Arbitration of the pending alleged violation is required to be conducted within 60 days. Therefore, the covered person must immediately seek and retain counsel and, most likely, an expert witness or witnesses. They also must secure laboratory test results as well as the results from any confirmatory test and provide those results and investigative information to the expert or experts. Counsel for the trainer will, within this time frame, need to interview witnesses, meet and consult with expert witnesses and prepare defense strategy. All of this must take place within a very limited time.
In defending the allegations, the counsel in a civil arbitration is not afforded the right to conduct discovery. Discovery consists of written questions that must be answered under oath, known as interrogatories, as well as requests for production of documents and requests for admissions. Additionally, in a civil action, the defendant/covered person is afforded the right to take depositions of both lay and expert witnesses. Under HISA’s adjudication system, the covered person’s rights to serve discovery and/or depose witnesses, lay or expert, have been taken away and denied. And, if the HISA-selected arbitrator or panel of arbitrators decides, as has been done in previous cases, to utilize the World Anti-Doping Code rather than the Federal Rules of Evidence, the covered person’s ability to dispute and contest the qualifications and testimony of HIWU’s experts is significantly restricted. These rules create an unlevel playing field for adjudication of alleged EAD violations.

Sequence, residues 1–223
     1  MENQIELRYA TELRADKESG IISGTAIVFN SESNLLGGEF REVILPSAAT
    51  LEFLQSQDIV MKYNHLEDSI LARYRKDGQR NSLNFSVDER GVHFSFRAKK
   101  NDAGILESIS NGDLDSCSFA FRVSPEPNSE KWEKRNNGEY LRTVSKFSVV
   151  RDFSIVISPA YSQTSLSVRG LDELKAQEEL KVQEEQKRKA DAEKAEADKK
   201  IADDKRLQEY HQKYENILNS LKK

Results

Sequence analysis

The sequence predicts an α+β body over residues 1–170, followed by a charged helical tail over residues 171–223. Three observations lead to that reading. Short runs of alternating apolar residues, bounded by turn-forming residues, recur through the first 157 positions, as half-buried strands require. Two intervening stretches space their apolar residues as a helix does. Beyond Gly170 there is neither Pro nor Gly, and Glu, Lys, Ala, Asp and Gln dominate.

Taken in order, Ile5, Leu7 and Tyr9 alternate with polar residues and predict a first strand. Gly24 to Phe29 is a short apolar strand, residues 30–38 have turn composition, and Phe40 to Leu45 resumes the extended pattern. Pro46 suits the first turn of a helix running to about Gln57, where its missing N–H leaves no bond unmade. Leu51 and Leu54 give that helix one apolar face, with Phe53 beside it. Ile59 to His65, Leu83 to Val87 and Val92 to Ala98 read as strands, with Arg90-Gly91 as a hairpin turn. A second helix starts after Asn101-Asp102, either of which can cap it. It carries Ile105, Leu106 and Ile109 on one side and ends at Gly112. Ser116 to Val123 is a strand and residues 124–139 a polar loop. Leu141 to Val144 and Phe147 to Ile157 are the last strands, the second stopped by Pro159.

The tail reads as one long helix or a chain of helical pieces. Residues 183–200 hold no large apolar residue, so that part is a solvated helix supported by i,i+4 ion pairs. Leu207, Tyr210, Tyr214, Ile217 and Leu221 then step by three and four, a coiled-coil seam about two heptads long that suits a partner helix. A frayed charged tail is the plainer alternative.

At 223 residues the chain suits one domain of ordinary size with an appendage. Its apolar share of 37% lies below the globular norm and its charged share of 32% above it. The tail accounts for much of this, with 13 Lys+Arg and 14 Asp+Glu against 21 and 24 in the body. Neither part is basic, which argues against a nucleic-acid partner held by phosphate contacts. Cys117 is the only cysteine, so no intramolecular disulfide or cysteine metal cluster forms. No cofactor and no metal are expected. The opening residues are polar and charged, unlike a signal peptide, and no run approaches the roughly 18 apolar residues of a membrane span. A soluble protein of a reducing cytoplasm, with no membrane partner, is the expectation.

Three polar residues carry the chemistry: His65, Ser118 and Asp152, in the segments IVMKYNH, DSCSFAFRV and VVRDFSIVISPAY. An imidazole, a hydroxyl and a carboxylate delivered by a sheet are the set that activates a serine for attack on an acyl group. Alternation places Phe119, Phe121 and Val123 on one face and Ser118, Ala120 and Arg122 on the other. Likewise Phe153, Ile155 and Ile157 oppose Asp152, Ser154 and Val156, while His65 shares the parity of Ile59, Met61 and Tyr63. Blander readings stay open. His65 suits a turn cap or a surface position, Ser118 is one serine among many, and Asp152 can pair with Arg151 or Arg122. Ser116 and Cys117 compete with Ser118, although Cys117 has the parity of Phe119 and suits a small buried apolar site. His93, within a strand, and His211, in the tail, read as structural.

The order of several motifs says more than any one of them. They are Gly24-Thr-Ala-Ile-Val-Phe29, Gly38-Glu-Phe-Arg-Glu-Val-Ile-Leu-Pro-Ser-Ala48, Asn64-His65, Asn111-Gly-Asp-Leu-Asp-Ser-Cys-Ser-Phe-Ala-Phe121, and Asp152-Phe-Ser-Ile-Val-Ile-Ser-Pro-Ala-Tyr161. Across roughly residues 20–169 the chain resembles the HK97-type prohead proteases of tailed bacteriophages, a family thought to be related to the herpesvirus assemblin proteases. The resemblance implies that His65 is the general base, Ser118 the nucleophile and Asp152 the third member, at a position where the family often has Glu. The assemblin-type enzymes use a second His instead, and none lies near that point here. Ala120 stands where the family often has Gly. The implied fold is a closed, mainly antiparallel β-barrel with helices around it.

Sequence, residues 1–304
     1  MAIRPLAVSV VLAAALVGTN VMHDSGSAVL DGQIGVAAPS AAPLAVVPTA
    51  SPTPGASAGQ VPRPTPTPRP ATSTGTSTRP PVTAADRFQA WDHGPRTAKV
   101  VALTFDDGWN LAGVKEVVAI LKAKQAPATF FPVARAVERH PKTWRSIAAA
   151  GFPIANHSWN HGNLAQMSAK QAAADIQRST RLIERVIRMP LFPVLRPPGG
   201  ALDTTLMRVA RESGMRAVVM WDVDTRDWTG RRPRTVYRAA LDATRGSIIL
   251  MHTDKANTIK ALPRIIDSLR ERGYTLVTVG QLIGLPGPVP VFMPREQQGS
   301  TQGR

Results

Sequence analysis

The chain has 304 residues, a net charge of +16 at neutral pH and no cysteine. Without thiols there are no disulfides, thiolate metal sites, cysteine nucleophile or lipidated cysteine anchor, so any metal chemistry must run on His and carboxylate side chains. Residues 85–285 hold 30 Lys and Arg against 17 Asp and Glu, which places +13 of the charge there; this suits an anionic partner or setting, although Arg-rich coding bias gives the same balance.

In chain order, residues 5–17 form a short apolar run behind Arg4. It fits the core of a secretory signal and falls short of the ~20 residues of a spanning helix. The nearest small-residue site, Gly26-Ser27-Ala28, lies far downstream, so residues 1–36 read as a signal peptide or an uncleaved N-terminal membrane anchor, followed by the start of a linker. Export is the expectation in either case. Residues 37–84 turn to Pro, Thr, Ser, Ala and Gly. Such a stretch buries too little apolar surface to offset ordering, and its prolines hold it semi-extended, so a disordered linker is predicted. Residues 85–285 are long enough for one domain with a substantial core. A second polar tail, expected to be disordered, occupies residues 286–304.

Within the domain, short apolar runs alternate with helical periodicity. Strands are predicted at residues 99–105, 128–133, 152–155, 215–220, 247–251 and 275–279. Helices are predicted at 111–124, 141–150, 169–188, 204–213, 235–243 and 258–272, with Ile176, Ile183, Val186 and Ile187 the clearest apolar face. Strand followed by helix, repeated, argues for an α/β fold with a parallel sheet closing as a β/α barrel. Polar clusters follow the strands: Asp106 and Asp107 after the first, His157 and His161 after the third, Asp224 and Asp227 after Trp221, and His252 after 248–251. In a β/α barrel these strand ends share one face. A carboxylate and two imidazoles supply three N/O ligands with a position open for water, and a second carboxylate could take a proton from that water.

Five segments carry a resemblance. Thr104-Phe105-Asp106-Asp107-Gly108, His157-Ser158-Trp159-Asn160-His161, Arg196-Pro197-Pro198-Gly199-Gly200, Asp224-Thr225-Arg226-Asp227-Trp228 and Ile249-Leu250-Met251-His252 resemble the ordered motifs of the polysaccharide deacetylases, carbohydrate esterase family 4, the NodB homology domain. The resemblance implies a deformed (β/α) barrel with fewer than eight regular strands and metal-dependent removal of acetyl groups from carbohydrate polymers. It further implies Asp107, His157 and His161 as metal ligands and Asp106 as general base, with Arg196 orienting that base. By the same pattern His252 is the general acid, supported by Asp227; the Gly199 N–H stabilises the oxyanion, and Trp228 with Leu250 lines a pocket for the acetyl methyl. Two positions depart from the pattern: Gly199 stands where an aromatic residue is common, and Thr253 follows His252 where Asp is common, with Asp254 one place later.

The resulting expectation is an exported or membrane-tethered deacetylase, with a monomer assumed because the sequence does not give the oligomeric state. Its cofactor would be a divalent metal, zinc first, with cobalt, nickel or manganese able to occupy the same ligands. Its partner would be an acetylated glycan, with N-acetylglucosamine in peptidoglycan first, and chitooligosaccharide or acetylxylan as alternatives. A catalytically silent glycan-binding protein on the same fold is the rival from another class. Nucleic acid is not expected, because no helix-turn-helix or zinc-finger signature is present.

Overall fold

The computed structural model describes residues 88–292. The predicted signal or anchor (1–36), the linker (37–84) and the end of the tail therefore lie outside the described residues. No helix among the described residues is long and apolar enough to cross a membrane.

The arbitrator or arbitral body is required to issue a decision within 14 days of the completion of arbitration. If the decision is adverse, the covered person may appeal the decision of the arbitrator to the Federal Trade Commission (FTC). The appeal, known as a request for review under HISA, even if filed in a timely manner, does not guarantee a review by the FTC. Such a review is discretionary. If the FTC decides not to approve the request for review, the arbitrator’s decision is final, and the next step is an appeal to the U.S. Court of Appeals.